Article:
“Washington, DC – The U.S. Trade Representative has issued findings in Section 301 investigations of Digital Service Taxes (DSTs) adopted by India, Italy, and Turkey, concluding that each of the DSTs discriminates against U.S. companies, is inconsistent with prevailing principles of international taxation, and burden or restricts U.S. commerce.
“The findings on each of the DSTs are supported by comprehensive reports, which are being published today on USTR’s website.
“USTR is not taking any specific actions in connection with the findings at this time but will continue to evaluate all available options.
“The Section 301 investigations of the DSTs adopted by India, Italy, and Turkey were initiated in June 2020, along with investigations of DSTs adopted or under consideration by Austria, Brazil, the Czech Republic, the European Union, Indonesia, Spain, and the United Kingdom. USTR expects to announce the progress or completion of additional DST investigations in the near future.”
Similarly, on January 7, 2021, USTR announced that it was postponing introduction of tariffs on French products that were due to kick in on January 6 to provide the agency with the ability to coordinate its actions based on the results of the other ongoing investigations. See USTR press release, Suspension of Tariff Action in France Digital Services Tax Investigation, 01/07/2021, https://ustr.gov/about-us/policy-offices/press-office/press-releases/2021/january/suspension-tariff-action-france-digital-services-tax-investigation. The press release is copied below.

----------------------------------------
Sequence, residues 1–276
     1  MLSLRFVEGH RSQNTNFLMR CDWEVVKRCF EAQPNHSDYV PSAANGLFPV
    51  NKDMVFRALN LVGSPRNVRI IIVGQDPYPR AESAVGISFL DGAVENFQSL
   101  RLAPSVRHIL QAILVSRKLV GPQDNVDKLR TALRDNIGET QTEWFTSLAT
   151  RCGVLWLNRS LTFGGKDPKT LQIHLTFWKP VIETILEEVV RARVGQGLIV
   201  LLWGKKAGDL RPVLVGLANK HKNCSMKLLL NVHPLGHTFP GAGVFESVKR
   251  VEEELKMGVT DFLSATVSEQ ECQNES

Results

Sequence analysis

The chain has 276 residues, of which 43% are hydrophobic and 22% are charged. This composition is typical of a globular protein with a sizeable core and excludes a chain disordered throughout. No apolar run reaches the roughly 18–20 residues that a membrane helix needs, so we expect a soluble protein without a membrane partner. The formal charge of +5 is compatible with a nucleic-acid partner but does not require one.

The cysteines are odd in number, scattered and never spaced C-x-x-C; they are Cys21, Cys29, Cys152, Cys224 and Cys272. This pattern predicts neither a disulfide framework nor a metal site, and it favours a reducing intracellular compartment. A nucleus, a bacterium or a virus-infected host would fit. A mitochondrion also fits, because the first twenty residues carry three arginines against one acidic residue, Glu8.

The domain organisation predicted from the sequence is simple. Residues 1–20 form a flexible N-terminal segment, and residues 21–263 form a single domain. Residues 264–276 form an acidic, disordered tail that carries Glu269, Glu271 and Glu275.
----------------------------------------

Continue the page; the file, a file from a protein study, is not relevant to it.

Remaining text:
“Washington, DC – The U.S. Trade Representative has determined to suspend the tariff action in the Section 301 investigation of France’s Digital Services Tax (DST). The additional tariffs on certain products of France were announced in July 2020, and were scheduled to go into effect on January 6, 2021. The U.S. Trade Representative has decided to suspend the tariffs in light of the ongoing investigation of similar DSTs adopted or under consideration in ten other jurisdictions. Those investigations have significantly progressed, but have not yet reached a determination on possible trade actions. A suspension of the tariff action in the France DST investigation will promote a coordinated response in all of the ongoing DST investigations.